Day 2: Kharna- The Day Before Chhath :- On Panchami, the day before Chhath, parvaitins fast from daybreak to sundown. They are not even allowed to drink water. The Parvaitin takes food after she offers prayers and Prasad to Surya after the sunset. Racio-kheer, puris and bananas are circulated among the family members and friends. Friends are invited to the homes to share Prasad. Later on, the Parvaitin goes on a fast for almost 36 hours. Parvaitins don't even take water during these 36 hours.
Day 3: Sanjhiya Arghya :- Evening offerings (Sanjhiya Arghya): The day is mainly spent in preparing Prasad at home. Thekua (a fried cookie like food) and kasara (laddo made of rice powder) are the most important offerings. Households honor and pray to the setting sun by offerings (Aragh) and to do that all the family members visit riverbanks or nearby pond or common large water body along with Parvaitins. It's not only Parvaitins or the family members, but onlookers and numerous participants are keenly interested to partake in the carnival. The blessings of the Sun God and worshippers are rewarding. Singing traditional folk songs during the occasion is an integral part of the Chhath celebration. The tradition is carried forward orally from mothers and mother-in-laws to daughters and daughter-in-laws. The folk songs truly depict the cultures and social structures of Bihar and Uttar Pradesh. Even though the latest trend is to play Bollywood hit numbers during the festival but the traditional folk songs are the vital parts of the Chhath puja celebration and is still going strong with a great degree of purity and holiness. Bihar comprises of three prime linguistic regions namely Maithili, Magadhi and Bhojpuri. All the various norms and dialects of these places vary a lot. However, the underlying meanings of the folk songs are almost same and all these songs are related to Chhath. Even though there is a fundamental similarity in the celebration and rituals of Chhath festival but rituals vary significantly from one region to the other and even between the families. Kosi: It's a colorful event of Chhath festival and is held during the third night. An awning is made with five sugarcane sticks to place lighted clay lamps underneath. The existence of five sticks exemplifies the human body made of Panchatattva (The five great elements- earth, water, fire, air and ether). This ritual is mainly performed in the family where a recent marriage ceremony or childbirth has taken place. This is basically a symbolic rite. The lighted earthen lamps signify and imply that human beings are sustaining due to the energy generated by the Sun. The ritual is performed during the period of late evening on the third day while making the offerings to the setting sun.
Day 4: Parna- The Day After Chhath :- Bihaniya Aragh, the next morning offerings: It is the time to make offerings (aragh) to the rising sun. Devotees along with friends and family members travel to the banks of the river before sun rises. The festival ends with breaking the devotional fasting of Parvaitins and all the friends who visit the houses to share Prasad. It's an enticing and charming experience to watch the vista around when the Chhath is celebrated at the crack of the dawn on the banks of the river. It's a place where devotees can witness the blend of the ancient traditions and modern Indian cultures. The river Ganges is worshipped as mother after aragh.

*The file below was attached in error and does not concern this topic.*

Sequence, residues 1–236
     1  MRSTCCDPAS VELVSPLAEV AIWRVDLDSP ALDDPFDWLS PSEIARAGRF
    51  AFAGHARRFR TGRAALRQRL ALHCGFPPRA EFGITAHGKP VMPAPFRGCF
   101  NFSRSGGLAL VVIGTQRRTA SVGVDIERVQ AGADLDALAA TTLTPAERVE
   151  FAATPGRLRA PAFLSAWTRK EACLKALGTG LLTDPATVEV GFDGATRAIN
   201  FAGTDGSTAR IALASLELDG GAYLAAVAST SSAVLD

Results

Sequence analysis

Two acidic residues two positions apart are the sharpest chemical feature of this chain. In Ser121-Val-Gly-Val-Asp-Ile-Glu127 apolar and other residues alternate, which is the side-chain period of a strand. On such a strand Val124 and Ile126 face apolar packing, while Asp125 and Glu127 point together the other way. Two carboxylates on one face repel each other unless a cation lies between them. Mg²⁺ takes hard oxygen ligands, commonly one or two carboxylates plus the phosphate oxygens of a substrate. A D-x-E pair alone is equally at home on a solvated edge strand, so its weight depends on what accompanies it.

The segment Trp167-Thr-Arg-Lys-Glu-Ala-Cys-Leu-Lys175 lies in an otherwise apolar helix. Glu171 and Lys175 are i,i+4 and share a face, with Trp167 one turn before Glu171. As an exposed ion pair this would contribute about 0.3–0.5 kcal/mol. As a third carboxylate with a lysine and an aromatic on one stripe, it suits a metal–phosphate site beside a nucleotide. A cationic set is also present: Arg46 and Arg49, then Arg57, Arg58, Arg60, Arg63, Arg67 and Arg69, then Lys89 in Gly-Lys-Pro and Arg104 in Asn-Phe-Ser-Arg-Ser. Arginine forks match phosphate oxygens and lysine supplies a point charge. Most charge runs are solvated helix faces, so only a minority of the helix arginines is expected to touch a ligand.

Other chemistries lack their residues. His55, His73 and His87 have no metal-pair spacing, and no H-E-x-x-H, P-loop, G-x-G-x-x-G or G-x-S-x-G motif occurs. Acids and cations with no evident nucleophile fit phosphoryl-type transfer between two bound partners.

Benefits of Chhath-Pooja
1.It improves eyesight and mentains the skin texture 2.The Chhath process improves the immunity of the body.
3.The sunlight helps cure fungal and bacterial infections of the skin.
4.The solar energy balances the hormonal secretion.
5.The relaxed mind becomes creative.
The will power is increased and the mind becomes strong and controlled.
6.Cleanliness of the food and environment is practised by the devotees.
Significance of Chhath PujaChhath puja has a special significance during the Sunrise and Sunset periods. The Sunrise and sunset are the most important periods of the day during which a human body can safely get the solar energy without any harm. That’s why there is a myth of offering the Sanjhiya Arghya and Bihaniya Arghya to the Sun at the Chhath festival. During this period the solar energy has low level of ultraviolet radiations so it is safe for the human body. People perform the Chhath puja in order to thank the Lord Sun for continuing the life on the earth as well as to get blessings. The ritual of Chhath puja provides mental calmness (by detoxifying the body and mind), enhances the energy level and immunity, reduces the frequency of anger, jealous as well as lot of negative emotions. It is also believed that following the Chhath processes helps in slowing down the ageing process. Such beliefs and rituals of the Chhath make it the most significant festival in the Hinduism.
Chhath Puja 2018 Dates
|12/11/2018||Lohanda & Kharna||Panchami|